Recent Research Developments

Index of Recent Research News
March 2nd, 2005
Quantum mechanical reaction rate constants by vibrational configuration interaction

    Time-dependent quantum mechanics has a number of advantages for calculations of the reaction dynamics of polyatomic systems. It is especially efficient for generating results at a series of total energies, as required for thermally averaged rate constants, because a single wave packet carries information about a wide range of energies. Recent advances in the theory of vibrational configuration interaction method [A. Chakraborty, D. G. Truhlar, J. M. Bowman, and S. Carter, Journal of Chemical Physics 121, 2071 (2004), and references therein] have prompted a re-examination of the power of time-independent quantum mechanics, and now, for the first time, a converged quantum mechanical rate constant has been calculated for a polyatomic reaction by time-independent quantum mechanics. This work was carried out by graduate student Arindam Chakraborty and Professor Don Truhlar using the OH + H2 → H2O + H reaction as a prototype reaction to demonstrate the method. This application is a four-body system, but the method used here is not special to four-body reactions, and the results demonstrate that the time-independent vibrational configuration method can be a very convenient way to calculate converged quantum mechanical rate constants. Implementation of hierarchical expansion of the potential energy function in the present method will make the calculations affordable for larger systems. This work lays the groundwork for calculating converged rate constants for much larger reactions than have been treated up to now.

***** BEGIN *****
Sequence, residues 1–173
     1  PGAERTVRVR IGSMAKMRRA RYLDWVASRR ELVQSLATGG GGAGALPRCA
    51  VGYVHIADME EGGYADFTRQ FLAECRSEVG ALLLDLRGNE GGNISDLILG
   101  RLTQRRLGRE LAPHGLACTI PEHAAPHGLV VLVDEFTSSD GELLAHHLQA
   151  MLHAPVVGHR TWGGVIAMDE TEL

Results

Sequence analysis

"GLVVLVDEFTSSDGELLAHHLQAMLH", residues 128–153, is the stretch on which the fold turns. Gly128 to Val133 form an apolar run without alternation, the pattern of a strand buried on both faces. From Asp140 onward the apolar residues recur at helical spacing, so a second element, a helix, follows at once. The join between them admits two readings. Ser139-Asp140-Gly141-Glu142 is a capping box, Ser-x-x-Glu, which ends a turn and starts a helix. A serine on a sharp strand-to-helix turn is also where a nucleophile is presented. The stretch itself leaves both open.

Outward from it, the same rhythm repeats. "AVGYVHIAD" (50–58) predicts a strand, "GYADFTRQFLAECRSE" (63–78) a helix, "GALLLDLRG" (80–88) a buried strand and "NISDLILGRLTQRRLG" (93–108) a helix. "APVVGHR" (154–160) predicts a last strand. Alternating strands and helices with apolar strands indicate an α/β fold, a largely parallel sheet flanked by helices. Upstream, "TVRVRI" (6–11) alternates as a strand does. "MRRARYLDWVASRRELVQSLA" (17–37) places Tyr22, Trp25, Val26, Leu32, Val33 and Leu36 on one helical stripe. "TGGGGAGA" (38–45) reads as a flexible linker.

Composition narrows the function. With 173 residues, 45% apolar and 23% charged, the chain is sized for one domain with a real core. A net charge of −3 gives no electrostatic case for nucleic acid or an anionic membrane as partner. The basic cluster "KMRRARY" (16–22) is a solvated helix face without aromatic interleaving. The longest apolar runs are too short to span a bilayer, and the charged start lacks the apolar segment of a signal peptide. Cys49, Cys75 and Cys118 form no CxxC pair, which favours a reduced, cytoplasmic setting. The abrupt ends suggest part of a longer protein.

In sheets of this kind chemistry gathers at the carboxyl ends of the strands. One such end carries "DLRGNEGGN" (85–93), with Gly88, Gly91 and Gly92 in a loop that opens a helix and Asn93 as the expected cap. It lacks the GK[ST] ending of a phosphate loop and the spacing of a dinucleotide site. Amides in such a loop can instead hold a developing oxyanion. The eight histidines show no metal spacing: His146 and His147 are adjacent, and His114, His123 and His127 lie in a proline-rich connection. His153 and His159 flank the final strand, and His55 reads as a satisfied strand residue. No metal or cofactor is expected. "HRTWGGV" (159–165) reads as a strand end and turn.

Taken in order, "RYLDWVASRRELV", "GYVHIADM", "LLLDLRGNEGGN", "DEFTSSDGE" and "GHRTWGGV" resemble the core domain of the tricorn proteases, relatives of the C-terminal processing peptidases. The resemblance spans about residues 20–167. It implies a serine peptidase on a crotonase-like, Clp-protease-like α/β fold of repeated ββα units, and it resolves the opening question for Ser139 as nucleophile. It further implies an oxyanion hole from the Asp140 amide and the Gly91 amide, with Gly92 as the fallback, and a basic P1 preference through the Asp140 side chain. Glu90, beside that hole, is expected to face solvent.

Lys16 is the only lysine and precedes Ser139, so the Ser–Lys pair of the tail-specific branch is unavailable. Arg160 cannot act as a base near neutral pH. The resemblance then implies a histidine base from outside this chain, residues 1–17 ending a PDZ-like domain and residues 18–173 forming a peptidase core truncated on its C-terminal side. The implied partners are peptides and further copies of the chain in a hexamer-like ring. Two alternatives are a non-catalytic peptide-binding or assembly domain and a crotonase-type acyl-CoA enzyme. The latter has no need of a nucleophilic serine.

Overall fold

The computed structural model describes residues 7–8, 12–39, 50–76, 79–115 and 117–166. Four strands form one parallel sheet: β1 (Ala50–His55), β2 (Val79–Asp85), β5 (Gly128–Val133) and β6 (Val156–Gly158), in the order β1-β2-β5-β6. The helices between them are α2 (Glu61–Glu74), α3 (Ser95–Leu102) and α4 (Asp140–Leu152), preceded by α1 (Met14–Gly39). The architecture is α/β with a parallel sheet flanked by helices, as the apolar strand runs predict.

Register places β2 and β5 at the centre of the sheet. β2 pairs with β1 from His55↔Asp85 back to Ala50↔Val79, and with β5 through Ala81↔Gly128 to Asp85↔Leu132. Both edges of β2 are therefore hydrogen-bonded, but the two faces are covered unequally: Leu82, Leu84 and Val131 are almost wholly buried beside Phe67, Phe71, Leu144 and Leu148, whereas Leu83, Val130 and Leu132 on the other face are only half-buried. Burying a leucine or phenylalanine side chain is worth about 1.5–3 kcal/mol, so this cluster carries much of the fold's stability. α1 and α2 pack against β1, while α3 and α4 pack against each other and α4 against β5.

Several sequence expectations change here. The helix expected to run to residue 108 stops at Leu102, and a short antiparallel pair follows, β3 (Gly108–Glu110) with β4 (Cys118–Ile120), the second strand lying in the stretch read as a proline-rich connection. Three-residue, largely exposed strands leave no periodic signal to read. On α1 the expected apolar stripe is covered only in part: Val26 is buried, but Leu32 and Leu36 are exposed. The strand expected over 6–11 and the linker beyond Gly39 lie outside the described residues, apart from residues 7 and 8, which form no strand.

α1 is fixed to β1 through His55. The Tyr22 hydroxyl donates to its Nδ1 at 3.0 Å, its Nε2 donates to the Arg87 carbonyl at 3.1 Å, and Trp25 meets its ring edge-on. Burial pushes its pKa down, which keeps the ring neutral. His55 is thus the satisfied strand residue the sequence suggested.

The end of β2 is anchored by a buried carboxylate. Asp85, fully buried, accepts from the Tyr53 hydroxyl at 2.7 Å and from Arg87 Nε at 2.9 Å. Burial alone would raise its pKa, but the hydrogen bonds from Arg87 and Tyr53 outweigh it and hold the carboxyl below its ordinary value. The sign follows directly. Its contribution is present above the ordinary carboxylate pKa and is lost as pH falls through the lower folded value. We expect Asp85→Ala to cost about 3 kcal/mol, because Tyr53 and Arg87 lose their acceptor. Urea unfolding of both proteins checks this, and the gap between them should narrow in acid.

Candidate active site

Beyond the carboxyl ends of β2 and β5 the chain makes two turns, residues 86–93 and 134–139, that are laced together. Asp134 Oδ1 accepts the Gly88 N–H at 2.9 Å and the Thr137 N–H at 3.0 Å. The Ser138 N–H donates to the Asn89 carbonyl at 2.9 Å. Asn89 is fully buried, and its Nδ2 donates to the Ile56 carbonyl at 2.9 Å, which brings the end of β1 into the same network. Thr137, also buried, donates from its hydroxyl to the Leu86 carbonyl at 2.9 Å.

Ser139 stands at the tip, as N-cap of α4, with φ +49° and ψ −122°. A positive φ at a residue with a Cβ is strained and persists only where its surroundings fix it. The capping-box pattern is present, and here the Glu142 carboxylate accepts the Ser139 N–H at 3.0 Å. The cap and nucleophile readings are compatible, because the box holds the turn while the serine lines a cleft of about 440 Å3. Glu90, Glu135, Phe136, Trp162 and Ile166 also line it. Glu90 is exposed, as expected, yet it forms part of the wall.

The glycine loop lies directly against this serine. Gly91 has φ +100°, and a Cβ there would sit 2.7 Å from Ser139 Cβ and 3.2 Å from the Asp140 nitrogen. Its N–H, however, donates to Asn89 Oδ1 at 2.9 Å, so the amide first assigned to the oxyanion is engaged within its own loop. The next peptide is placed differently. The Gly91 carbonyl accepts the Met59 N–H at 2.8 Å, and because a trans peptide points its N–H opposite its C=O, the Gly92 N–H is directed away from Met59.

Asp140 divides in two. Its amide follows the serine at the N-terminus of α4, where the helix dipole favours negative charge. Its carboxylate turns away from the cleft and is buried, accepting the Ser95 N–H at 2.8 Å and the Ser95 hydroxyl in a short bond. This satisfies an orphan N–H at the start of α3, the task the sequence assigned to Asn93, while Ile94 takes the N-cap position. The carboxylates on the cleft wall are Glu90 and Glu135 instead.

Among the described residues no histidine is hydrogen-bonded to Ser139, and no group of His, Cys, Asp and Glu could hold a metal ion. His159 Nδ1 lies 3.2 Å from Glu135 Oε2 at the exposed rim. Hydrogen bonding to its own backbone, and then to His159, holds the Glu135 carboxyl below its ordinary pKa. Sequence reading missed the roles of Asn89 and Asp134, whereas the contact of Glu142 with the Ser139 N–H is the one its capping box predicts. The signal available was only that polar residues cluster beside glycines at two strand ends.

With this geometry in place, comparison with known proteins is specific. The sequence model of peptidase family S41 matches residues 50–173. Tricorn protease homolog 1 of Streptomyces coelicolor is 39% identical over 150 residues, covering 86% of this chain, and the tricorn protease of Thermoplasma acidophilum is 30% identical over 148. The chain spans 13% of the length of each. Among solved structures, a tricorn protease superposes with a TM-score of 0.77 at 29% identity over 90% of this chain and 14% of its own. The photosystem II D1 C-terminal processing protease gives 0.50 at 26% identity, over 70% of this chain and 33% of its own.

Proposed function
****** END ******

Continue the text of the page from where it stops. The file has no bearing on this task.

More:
The rate constant calculations were performed using flux autocorrelation functions, with a time-independent square-integrable basis set. Two modes that actively participate in bond forming and bond breaking were treated using two-dimensional distributed Gaussian functions, and the remaining (nonreactive) modes were treated using harmonic oscillator functions. The finite-basis eigenvalues and eigenvectors of the Hamiltonian were obtained by solving the resulting generalized eigenvalue equation, and the flux autocorrelation function for a dividing surface was represented in the basis formed by the eigenvectors of the Hamiltonian. The rate constant was obtained by integrating the flux autocorrelation function. An advantage of this procedure is that the vibrational configuration interaction method provides an intuitive picture of the mode coupling at the transion state while it also provides converged results. Furthermore, it suggests a number of well calibrated sublevels of theory that systematically approach the exact result; use of such sublevels for systematic convergence has been instrumental in the success of electronic structure theory but has so far played a lesser role in reaction dynamics.

    Fig. 1. Potential energy of the OH + H2 system as a function of bond-forming and bond-breaking modes, with all other degrees of freedom fixed at the saddle point geometry. (The other degrees of freedom are fixed for the plot, but not—of course—for calculating the rate constant). The contour spacing is 0.5 eV from 0 to 2 eV, then 1 eV from 2 to 5 eV. A dividing surface passing through the transition state of the reaction was defined such that it separates the reactant region from the product region; this dividing surface is shown as a solid line inclined at 45° to the axes. The reaction rate over a wide range of temperature (290–1100 K) was calculated by evaluating the net flux of particles across this surface from the reactants to the products arrangement. The location of centers of Gaussians basis functions are shown by solid triangles.

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